The Board then found, based on Wayson's opinion, that claimant had demonstrated that the major contributing cause of her need for treatment was the 1992 compensable injury and the resulting 1994 surgery.

On review, employer contends that the Board erred in concluding that claimant's condition is properly viewed as a combined condition. According to employer, it is more accurate to view claimant's condition as a consequential condition, which triggers the standard of proof expressed in ORS 656.005(7)(a)(A):

"No injury or disease is compensable as a consequence of a compensable injury unless the compensable injury is the major contributing cause of the consequential condition."

As employer sees it, the standard applicable to combined conditions is less demanding, as it requires only that the major cause of the "need for treatment" be the compensable injury, while the standard applicable to consequential conditions requires that the major cause of the consequential condition itself be the compensable injury.

In this case, employer argues, claimant's condition should be viewed as a consequential condition. Employer reasons that the combined condition standard applies only when a preexisting condition makes a compensable injury worse, and this is the reverse situation, that is, claimant's compensable injury made a preexisting condition worse. Such a case, employer concludes, must be subject to the standard that applies to consequential conditions. Claimant argues that it makes no sense to suggest that the worsened degenerative condition that preexisted the compensable injury can be regarded as a consequence of it. We agree with claimant.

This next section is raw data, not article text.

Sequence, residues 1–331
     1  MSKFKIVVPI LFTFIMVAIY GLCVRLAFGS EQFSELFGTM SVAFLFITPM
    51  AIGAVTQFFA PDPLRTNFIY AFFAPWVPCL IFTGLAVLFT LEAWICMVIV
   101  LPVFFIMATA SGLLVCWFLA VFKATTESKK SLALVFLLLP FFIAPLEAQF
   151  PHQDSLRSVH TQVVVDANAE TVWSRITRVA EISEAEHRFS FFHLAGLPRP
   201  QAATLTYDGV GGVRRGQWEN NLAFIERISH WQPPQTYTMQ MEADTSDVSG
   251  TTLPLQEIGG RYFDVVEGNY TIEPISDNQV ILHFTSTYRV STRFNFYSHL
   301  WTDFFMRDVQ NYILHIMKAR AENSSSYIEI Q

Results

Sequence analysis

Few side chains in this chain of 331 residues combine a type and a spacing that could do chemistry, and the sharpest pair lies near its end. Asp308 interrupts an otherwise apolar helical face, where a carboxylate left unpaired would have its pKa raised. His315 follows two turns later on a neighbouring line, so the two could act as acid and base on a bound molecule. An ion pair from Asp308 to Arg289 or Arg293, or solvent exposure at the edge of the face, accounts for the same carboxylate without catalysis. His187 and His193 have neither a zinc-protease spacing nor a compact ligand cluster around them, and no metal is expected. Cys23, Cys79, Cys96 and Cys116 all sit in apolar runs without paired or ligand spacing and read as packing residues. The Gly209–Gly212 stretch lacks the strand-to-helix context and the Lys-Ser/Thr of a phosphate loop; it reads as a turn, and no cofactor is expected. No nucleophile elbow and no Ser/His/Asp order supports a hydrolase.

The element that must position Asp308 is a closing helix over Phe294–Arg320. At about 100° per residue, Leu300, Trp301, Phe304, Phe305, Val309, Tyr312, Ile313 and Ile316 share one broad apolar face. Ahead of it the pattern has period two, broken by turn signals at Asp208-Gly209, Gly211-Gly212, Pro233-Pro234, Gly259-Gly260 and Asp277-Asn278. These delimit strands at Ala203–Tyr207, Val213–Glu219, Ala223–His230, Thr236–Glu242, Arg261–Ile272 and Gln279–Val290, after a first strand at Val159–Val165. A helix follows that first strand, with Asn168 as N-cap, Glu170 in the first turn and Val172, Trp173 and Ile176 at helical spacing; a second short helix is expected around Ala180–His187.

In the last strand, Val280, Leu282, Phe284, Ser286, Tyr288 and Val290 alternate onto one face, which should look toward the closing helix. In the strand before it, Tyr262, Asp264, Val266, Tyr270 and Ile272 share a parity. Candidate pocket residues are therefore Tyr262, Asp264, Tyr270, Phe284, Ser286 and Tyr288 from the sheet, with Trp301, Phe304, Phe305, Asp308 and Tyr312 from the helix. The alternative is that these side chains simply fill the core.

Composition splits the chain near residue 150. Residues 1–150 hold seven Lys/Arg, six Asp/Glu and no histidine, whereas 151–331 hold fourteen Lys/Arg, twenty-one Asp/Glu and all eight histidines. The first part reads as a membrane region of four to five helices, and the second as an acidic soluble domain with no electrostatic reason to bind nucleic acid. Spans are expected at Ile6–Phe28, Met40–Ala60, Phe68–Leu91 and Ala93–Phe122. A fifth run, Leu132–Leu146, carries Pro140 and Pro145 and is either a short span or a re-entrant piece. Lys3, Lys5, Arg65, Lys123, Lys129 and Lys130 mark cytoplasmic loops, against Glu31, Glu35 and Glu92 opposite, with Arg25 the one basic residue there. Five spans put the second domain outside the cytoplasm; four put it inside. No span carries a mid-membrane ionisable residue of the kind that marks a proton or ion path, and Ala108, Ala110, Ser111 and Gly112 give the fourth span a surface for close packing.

ORS 656.005(7)(a)(B), the standard for combined conditions, applies when a "compensable injury combines at any time with a preexisting condition" to cause a disability or need for treatment. The statute contains no wording that limits its applicability to cases in which a preexisting condition makes a compensable injury worse, and not vice versa. It simply requires that the compensable injury and the preexisting condition "combine[] at any time" to create a disability or need for treatment. The operative principle is that multiple conditions combine to create a disability or need for treatment, not that one condition makes another one worse. Luckhurst v. Bank of America, 167 Or App 11, 16-17, 1 P3d 1031 (2000). In contrast, under ORS 656.005(7)(a)(A), a consequential condition is "a separate condition that arises from the compensable injury, for example, when a worker suffers a compensable foot injury that results in an altered gait that, in turn, results in back strain." Fred Meyer, Inc. v. Crompton, 150 Or App 531, 536, 946 P2d 1171 (1997).

In this case, the Board found that claimant's compensable 1992 injury, the surgery that followed, and the preexisting degenerative condition combined to bring about claimant's need for further surgery. That is precisely the sort of condition to which the combined condition standard of ORS 656.005(7)(a)(B) applies. Claimant's condition is not a separate condition that arose from the compensable injury; it preexisted and combined with it. The consequential condition standard of ORS 656.005(7)(a)(A), therefore, does not apply.

We conclude that the Board did not err in applying the combined condition standard of ORS 656.005(7)(a)(B).

Employer's other arguments do not require discussion.